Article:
Review by ShyningFade
Red Steel is a very important title for the Wii. From the first day it was announced, the hype began to build until it was about ready to burst. And while I feel the hype might have raised people's expectations a bit too high, it still stands are an above average launch title that shows promise for games to come.
In standard first person fashion, Red Steel is all about killing tons of baddies single-handedly while using a wide array of weapons at your disposal. However, in an attempt to differentiate itself from the pack, Red Steel brings some new features into the mix, including the highly anticipated swordplay feature.
But before we get ahead of ourselves, let's take a look at Red Steel's bread and butter - the classic FPS style game play. Using the remote as a pointer and the nunchuck as your movement, players navigate the game's levels while dispatching enemies along the way.
At first, Red Steel takes a bit of getting used to. It's not as "pick up and play" as Nintendo or Ubisoft might have hoped, but with some practice, becomes a new way to enjoy cappin' baddies. The first problem with this, is the bugginess that rears it's ugly head the moment you start the game. The cursor tends to jump from time to time, and can cause some headaches and a lot of frustration. But thanks to some fixes from the handy message board patrons, all of those cursor hijinks can be nullified by shutting both the rumble and speaker volume off. Unfortunately, it's quite a trade off when you have to lose two features that add quite a bit to the overall experience.
Regardless, once you have those glitches out of the way, you'll find that the aiming is quick and precise, and the headshots will come quickly as you skill increases. Turning might cause problems for some, but as with everything else in this game, patience is a virtue. All in all, the turning/aiming system works nicely - if you take the time to get the most out of it.
The button layout is nice as well, as easy to remember. The C button functions are your jump, and the Z button below it allows you to crouch. A quick flick of the remote allows you to reload your weapon as well. It's unfortunate that more features weren't mapped to the nunchuck as they were in Call of Duty 3, and makes weapon swapping more uncomfortable than it should be, as you have to reach up and press left on the remote's dpad. The same applies for grenades, which use down on the dpad to activate. A nice feature though, is the ability to lob your grenades with an overhead swipe, or roll them with an underhanded one.
For the most part, Red Steel's shooting mechanics work nicely and should please most players. The levels have a ton of hiding places to let players avoid fire, which is a good thing since there are always a ton of enemies after you. This makes for some pretty intense firefights that almost always has you scrambling frantically for cover.
The swordplay, despite being the game's selling feature, doesn't fare as well.
Swordplay mechanics are stiff and often unresponsive, and when paired with cheap enemies, can lead to a lot of frustration. I found myself breezing through the initial sword fights, but later in the game they become very demanding and downright annoying. Another flaw with the sword fights, is that they never flow with the pacing of the level. For instance, you'll clear out a room with a ton of enemies and be on a great adrenaline rush, and then you'll stumble across someone with a sword. And in Red Steel, if someone has a sword, you HAVE to sword fight them. No way around it, and it completely destroys any flow the game might have created.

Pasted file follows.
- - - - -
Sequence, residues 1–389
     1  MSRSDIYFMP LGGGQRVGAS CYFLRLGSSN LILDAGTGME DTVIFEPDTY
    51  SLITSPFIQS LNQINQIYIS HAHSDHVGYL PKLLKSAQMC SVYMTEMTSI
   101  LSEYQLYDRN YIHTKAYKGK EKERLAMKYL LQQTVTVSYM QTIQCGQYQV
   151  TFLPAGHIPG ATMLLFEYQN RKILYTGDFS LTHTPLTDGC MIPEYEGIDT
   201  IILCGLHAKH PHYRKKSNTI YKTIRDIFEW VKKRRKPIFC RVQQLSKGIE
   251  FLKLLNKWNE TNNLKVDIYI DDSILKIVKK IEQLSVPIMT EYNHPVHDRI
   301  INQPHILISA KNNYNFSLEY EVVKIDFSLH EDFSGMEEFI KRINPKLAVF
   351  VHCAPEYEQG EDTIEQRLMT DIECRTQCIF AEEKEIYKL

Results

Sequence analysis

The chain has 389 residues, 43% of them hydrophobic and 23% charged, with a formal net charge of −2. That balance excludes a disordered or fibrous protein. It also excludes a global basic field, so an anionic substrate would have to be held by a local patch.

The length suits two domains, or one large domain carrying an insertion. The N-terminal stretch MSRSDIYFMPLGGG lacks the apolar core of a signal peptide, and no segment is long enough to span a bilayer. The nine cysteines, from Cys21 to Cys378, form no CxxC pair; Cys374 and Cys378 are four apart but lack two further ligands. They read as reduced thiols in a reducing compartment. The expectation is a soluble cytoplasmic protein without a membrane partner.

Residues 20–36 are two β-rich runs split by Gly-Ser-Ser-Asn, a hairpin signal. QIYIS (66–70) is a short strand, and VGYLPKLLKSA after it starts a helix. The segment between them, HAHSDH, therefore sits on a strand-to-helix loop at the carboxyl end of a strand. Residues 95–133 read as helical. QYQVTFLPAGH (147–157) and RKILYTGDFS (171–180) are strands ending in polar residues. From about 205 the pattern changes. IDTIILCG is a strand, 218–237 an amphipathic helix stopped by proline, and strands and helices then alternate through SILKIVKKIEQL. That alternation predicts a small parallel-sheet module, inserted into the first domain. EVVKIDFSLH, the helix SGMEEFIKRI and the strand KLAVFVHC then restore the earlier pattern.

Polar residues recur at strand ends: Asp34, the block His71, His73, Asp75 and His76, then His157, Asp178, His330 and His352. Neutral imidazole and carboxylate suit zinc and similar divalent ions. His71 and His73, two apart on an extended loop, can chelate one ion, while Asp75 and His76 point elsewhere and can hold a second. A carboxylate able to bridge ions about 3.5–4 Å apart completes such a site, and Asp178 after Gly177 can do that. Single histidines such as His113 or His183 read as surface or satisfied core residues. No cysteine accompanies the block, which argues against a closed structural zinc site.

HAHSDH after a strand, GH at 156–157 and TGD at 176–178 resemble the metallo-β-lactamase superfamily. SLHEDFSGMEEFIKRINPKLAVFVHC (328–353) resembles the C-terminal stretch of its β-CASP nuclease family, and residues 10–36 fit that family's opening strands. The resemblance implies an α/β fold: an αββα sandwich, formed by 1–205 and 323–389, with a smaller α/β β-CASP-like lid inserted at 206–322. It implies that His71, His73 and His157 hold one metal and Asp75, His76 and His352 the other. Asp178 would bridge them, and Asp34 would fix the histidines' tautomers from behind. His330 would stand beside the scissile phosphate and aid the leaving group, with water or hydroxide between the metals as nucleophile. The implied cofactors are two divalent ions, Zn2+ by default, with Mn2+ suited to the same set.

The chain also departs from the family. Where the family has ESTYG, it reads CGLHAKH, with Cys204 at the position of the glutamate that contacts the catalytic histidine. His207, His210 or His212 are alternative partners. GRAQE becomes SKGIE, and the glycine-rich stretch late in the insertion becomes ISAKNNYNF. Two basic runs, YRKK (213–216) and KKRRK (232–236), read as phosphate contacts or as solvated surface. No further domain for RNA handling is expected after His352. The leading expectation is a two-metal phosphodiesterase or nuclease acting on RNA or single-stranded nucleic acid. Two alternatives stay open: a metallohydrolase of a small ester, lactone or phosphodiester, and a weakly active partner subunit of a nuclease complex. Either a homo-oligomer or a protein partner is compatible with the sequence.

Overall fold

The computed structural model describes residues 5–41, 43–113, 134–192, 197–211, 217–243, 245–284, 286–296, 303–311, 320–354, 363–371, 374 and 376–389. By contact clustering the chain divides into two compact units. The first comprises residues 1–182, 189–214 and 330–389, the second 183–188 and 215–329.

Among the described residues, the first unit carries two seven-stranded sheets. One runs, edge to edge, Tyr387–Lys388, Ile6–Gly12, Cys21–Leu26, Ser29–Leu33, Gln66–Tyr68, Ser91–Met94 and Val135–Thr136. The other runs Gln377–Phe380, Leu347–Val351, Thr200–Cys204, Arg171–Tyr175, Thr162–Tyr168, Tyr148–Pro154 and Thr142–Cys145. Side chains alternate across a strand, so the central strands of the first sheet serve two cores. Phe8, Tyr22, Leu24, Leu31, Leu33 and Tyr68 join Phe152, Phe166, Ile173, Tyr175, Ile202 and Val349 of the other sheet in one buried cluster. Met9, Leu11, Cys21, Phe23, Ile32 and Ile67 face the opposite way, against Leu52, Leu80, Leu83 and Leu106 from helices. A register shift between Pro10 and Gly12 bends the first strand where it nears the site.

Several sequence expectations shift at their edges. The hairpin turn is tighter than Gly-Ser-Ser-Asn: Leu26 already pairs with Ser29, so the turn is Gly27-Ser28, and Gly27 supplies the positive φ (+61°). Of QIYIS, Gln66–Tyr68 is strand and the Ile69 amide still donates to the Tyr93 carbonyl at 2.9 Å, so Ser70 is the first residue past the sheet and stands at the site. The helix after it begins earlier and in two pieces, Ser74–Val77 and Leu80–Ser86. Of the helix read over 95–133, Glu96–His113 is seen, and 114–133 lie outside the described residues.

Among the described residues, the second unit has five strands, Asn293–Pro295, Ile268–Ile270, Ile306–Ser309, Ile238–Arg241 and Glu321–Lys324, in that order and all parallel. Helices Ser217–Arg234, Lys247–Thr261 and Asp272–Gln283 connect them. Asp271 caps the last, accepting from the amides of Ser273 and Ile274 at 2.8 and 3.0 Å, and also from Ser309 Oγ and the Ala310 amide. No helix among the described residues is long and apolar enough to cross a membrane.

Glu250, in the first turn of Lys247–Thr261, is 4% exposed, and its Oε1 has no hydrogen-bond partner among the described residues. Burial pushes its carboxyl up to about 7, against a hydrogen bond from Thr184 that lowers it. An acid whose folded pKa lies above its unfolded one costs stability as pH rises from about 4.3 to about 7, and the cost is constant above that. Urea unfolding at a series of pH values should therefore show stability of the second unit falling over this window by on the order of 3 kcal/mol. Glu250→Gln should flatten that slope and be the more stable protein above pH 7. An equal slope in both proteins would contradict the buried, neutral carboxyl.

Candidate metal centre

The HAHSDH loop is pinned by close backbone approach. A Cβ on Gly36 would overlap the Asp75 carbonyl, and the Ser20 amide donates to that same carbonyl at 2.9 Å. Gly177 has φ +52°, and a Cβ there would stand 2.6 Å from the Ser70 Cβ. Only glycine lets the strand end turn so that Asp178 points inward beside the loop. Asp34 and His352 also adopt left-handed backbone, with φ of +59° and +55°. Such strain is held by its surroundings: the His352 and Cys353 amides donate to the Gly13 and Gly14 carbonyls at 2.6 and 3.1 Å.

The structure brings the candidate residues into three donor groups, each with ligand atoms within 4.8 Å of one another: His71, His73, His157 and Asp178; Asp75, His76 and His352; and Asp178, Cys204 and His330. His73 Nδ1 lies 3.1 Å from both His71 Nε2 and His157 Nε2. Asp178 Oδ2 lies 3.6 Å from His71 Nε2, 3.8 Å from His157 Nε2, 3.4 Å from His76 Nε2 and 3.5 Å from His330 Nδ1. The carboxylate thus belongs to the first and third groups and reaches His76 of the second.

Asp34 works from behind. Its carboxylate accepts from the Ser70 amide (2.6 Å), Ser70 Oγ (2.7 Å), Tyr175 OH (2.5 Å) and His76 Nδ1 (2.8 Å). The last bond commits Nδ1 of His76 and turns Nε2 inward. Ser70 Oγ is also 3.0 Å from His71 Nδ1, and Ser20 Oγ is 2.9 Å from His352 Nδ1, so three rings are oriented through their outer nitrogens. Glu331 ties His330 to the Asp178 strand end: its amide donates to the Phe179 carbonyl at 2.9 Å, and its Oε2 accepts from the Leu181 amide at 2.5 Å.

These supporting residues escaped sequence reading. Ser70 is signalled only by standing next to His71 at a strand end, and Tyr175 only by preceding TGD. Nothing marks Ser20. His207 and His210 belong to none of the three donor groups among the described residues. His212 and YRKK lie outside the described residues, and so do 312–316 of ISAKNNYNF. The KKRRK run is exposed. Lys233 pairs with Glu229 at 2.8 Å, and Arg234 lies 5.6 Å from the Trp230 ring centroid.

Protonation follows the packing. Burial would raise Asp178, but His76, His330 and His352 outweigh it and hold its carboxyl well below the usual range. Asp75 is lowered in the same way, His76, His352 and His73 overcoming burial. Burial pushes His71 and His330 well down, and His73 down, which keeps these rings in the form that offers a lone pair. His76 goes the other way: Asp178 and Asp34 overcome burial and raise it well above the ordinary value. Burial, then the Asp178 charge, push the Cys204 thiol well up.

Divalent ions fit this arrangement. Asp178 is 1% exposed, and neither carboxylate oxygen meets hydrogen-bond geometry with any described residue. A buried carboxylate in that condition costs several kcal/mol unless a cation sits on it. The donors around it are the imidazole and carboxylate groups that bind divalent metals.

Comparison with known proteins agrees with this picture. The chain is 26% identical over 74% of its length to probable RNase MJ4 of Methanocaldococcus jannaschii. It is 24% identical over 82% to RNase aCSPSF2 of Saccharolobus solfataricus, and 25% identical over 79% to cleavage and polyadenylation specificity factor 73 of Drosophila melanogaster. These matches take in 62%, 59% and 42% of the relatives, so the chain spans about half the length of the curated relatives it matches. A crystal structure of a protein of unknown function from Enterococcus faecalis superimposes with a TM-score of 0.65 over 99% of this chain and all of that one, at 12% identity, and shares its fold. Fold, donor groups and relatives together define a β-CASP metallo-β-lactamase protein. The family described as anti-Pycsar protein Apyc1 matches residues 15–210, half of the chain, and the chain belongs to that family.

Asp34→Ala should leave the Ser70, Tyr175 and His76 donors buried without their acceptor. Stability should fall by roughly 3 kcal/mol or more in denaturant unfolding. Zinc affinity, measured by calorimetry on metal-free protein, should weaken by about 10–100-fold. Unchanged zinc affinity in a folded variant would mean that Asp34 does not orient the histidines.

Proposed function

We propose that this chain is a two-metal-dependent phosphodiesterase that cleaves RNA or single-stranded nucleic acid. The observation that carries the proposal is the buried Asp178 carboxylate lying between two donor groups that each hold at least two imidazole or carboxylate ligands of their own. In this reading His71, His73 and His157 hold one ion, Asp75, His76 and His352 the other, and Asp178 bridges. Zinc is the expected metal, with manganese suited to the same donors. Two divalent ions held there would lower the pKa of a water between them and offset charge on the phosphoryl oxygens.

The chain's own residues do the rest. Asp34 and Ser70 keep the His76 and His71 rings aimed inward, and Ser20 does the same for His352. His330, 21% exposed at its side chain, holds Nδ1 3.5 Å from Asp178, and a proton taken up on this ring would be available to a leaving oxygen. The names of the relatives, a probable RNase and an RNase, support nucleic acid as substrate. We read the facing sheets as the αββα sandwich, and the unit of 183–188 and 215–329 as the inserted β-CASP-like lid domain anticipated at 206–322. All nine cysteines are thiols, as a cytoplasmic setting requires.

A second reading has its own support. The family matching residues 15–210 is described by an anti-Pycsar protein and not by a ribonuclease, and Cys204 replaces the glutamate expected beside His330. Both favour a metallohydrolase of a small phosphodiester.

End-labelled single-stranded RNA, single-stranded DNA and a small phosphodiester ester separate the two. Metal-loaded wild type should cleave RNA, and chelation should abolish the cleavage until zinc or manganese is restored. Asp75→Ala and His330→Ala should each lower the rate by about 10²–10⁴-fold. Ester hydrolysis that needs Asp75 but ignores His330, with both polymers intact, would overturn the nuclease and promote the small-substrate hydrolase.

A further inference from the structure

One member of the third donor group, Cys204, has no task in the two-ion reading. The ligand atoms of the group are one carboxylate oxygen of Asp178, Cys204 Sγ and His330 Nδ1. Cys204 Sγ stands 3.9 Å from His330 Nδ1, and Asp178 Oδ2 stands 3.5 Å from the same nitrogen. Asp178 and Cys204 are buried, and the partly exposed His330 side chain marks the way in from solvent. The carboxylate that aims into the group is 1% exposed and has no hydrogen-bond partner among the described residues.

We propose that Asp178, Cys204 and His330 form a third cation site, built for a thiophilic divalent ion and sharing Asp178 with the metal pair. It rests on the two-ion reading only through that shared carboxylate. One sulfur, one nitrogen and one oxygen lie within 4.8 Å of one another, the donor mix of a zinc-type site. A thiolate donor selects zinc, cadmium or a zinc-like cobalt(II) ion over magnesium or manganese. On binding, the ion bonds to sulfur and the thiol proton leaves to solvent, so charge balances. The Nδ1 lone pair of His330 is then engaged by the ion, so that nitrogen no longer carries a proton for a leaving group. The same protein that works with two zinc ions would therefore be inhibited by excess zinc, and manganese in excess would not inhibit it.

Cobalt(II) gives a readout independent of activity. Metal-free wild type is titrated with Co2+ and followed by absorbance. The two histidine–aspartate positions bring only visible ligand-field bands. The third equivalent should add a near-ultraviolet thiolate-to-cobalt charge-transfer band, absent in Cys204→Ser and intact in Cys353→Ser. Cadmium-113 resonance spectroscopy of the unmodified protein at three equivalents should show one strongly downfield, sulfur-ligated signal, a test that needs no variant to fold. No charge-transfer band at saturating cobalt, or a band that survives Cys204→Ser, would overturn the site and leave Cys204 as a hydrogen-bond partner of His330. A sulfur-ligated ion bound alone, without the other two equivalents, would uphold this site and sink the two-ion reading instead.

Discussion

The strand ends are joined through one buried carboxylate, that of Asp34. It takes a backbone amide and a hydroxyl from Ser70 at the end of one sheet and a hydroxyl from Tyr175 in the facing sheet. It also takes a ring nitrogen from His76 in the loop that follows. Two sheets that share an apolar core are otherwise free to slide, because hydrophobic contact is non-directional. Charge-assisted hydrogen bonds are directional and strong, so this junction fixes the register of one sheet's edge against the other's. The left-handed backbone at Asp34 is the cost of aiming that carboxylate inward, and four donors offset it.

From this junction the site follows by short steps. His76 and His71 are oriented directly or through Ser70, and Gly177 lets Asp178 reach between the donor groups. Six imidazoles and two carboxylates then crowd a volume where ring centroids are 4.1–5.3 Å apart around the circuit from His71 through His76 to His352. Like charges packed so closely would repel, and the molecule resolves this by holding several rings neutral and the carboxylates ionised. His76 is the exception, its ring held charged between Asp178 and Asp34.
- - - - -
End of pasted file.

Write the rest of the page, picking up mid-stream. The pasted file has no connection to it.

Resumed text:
Special moves are yet another problem point - due to the precision required to perform the moves, you will find yourself doing the wrong motion time and time again, which if you haven't guessed it by now, becomes very frustrating.
The lack of options (No difficulty selection?) and the inability to skip the cut-scenes reduces the replay value as well, which is a shame because the shooting segments are great fun, and a lot of levels are well designed and very entertaining.
Graphics and Sound:
On a positive note, the graphics are pretty nice. The textures may be bland and low-res, but the levels themselves are nice to look at. Watching the sunlight creep through trees and windows shows off the nice lighting effects that Ubisoft was able to create for this game. Character models look nice as well although some are downright disturbing. Rabbit level, I'm looking at you.
And even though the shooting segments are the highlight of the game, I'll have to give a big thumbs up to the music. I doubt that I would have had as much fun as I did with the game if it weren't for the music. Very upbeat and energetic, it's a nice change of pace from the now generic scores that plague shooters. Does everything have to have a full, dramatic score to be engaging? No, and Red Steel proves that point nicely.
Voice acting on the other hand, it pretty atrocious. I daresay it'll go down in history with games like the original Resident Evil when it comes to low quality voice acting. At the very least, it's pretty amusing. Especially the warped cameo by the Raving Rabbids. You can never have enough of dem Rabbids.
Overall, Red Steel is a good game. A flawed game, but a good game nonetheless. It would have been much better as a solid FPS, instead of the FPS/Sword fighter hybrid that they attempted to create. But if there's anything that can be said about Red Steel, is that it shows tremendous promise for future sequels. After all, that's what launch titles are all about.
*Shooting segments are extremely fun
*Above average graphics
*Excellent non-licensed soundtrack
*The Rabbit level!
*Sword fighting could and should be a lot better than it is
*Way too many glitches
*Can be frustrating at parts
*AI is a little sketchy at times
Rating: 3.0 - Fair
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